I may be wrong, but there is a specific law which allows for parliamentary debate on matters such matters which overrides these other laws. It’s hardly “evading” the law. There are parliamentary procedures available to deal with members who abuse Parliamentary privilege. Also the scope for pleading Parliamentary privilege is strictly limited – as was shown in the case of those MPs convicted of fraudulent expense claims. MPs do not enjoy the immunity from rule of law that occurs in some countries.

    If there were such laws to prevent parliamentary discussions on subjects the judiciary would not wish to be aired, wouldn’t that be potentially of enormous danger?

    It’s also worth noting that, on some matters, the law in question was not created by parliament in the first place. For instance, the laws on defamation have, I believe, emerged from the judiciary, not parliament. Indeed I suspect that the right of Parliament to debate subjects regardless of judicial rulings might well have emerged because of some very wide powers the judiciary have to impose arbitrary gagging and conduct orders not explicitly sanctioned by parliament.

  3. @ Steve Jones – there is no “if” about it. What Mr Hemming said is true.

    @ CharonQC – interestingly, I have also blogged on the same subject:

    I wonder whether the newly appointed Commission on a British Bill of Rights will join up the pieces of the jigsaw? One piece is out ancient rights and freedoms – Magna Carta; Bill of Rights etc. The other piece is the more recent “human rights” convention and legislation.

    Mr Hemming, in this poorly attended debate, has done an excellent job in bringing out many of the injustices which are being pepetrated today.

  4. Pingback: Running out of words « The Scots Law Student

  5. Sir,

    One imagines that certain lodges of a distinctive sweet fruit colour will be engaged in political cohersion behind the scenes this very night. “…“don’t tell your MP about this” smacks of leather aprons and the licking of toads.

    A pox upon them I say, a pox!



  6. John – your actions will, hopefully, focus minds on secret justice generally and, in particular, the use of these injunctions.

    Lord Neuberger seems, by his public statements to date, to be in favour of open justice – protecting only the young and vulnerable from public scrutiny?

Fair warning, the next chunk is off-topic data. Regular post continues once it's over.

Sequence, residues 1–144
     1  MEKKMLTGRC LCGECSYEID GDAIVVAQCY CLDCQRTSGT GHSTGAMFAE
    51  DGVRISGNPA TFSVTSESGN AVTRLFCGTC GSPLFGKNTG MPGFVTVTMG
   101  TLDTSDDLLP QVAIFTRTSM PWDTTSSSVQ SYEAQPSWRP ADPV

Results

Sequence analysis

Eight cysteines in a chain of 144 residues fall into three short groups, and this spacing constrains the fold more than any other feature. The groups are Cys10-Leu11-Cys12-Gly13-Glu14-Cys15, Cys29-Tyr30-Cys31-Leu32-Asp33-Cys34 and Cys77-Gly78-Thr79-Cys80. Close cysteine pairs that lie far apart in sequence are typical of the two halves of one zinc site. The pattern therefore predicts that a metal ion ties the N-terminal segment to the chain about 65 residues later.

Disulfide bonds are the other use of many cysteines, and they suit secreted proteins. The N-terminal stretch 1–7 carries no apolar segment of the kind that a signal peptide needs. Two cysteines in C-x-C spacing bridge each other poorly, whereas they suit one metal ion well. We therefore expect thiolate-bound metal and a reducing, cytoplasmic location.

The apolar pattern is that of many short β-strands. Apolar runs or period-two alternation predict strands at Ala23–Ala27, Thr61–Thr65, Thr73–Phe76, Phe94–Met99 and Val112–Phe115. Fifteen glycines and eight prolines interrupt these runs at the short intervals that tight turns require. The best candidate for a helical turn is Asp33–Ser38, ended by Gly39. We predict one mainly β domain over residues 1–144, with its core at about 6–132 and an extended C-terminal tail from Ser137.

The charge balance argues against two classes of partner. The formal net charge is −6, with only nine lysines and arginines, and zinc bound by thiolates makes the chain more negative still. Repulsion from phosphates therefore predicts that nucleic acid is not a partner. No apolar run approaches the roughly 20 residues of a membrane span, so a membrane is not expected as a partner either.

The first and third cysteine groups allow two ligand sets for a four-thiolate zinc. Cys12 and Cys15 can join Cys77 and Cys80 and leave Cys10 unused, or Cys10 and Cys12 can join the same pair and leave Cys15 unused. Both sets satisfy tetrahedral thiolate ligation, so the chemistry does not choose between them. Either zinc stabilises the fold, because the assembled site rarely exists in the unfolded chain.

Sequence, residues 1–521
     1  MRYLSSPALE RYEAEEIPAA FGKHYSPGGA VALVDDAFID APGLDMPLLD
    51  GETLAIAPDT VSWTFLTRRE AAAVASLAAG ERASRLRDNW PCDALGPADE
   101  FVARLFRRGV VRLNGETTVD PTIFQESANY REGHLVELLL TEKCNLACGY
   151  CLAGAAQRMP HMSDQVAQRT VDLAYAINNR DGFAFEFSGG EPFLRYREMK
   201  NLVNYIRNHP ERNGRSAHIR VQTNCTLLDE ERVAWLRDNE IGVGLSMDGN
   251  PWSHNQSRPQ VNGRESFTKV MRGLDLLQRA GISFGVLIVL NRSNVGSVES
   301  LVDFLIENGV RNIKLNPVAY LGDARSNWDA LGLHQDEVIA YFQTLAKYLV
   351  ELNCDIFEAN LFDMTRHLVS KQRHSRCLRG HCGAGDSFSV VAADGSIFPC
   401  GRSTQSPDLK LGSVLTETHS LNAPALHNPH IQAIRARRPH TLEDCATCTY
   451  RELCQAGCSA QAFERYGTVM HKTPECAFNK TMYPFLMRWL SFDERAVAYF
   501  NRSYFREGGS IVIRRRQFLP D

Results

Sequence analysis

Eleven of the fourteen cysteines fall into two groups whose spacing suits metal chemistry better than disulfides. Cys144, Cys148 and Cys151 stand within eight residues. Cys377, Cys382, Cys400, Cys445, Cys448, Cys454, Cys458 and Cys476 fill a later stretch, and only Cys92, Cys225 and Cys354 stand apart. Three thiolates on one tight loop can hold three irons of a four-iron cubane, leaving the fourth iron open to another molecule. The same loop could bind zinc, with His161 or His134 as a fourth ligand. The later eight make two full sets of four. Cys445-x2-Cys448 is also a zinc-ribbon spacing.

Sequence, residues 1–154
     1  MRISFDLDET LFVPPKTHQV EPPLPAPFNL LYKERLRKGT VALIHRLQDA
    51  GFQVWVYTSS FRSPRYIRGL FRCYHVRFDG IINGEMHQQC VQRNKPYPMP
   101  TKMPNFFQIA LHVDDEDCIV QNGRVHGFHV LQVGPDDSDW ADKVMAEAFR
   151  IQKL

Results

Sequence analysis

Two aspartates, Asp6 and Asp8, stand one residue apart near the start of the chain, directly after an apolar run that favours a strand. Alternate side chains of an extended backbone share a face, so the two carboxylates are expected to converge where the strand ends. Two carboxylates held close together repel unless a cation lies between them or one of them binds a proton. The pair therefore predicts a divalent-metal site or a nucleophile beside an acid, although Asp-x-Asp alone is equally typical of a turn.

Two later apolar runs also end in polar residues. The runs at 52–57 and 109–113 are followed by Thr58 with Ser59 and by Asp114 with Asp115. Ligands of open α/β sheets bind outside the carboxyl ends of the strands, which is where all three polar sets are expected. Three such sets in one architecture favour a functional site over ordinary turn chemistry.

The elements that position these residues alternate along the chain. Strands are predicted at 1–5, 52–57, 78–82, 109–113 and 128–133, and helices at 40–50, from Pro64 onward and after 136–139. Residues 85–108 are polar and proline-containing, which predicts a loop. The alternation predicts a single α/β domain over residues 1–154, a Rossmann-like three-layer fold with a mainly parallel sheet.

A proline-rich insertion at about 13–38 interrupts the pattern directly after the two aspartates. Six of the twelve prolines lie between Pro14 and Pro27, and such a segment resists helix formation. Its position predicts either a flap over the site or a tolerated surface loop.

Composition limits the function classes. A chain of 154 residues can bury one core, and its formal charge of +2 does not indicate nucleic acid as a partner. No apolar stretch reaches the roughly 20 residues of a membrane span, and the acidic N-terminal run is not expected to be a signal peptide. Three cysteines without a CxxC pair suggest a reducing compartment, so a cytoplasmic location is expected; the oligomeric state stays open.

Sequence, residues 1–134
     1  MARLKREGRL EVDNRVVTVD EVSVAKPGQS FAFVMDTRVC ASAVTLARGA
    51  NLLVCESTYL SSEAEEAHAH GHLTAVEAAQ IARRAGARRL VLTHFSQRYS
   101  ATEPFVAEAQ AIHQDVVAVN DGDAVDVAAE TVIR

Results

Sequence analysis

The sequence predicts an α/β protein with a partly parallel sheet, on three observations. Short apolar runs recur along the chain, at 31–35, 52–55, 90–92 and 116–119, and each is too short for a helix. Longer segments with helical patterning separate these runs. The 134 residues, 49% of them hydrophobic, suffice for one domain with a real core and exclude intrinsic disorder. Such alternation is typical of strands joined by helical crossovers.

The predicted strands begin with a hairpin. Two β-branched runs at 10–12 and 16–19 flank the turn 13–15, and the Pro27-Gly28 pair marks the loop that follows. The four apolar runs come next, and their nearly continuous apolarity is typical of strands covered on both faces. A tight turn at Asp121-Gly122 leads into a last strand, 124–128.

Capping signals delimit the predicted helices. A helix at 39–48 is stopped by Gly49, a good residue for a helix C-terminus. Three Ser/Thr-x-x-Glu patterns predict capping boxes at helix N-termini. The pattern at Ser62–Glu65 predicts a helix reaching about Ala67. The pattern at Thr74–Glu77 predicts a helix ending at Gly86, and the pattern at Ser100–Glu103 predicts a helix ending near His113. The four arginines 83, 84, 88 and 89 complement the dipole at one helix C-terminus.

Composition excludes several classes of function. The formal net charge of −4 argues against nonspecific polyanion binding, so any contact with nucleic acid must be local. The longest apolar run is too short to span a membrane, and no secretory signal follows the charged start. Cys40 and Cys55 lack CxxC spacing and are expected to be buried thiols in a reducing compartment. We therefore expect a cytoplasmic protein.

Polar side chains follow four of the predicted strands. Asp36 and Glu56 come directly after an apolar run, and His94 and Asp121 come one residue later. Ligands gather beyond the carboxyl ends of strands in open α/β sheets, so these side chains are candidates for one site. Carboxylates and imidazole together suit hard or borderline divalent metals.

I wonder what Tom Bingham would have thought of this?

    Good effort in doing so. Was it an easy decision to take?

  7. The difficult question is where to set the limits.

    The fact that people were asked to drink was was thought to be potentially poisoned water is something that I think is quite serious, but I still held back from identifying the details.

  8. Pingback: What a hyper-injunction looks like | Niklas Smith

  9. Pingback: John Hemming MP: abuse of power, and privilege | Head of Legal

  10. I’m a little confused here. How can a judge make an order such that a member of public is not allowed to contact their MP, where the 1688 Bill of Rights allows for MPs to “redress the grievances of aggrieved citizens”. Do these judges consider the above Bill to be invalid and what opportunities to those bound over have to appeal against these injunctions., or are we as citizens actually unaware of what our real rights are – does this indicate we should have a written consitution?

    Also, who are the judges issuing the injunctions; do the same judges issues these injunctions and is there any “judicial review” of these decisions. Also how can we as individuals understand what the merits of the cases are – though I presume the injunctions allow any review to be kept away from the public.

    Finally as this seems such as important point in law should the decision on how it should be managed in future be open to a wider decision making body such as the House of Commons rather than an unelected committee?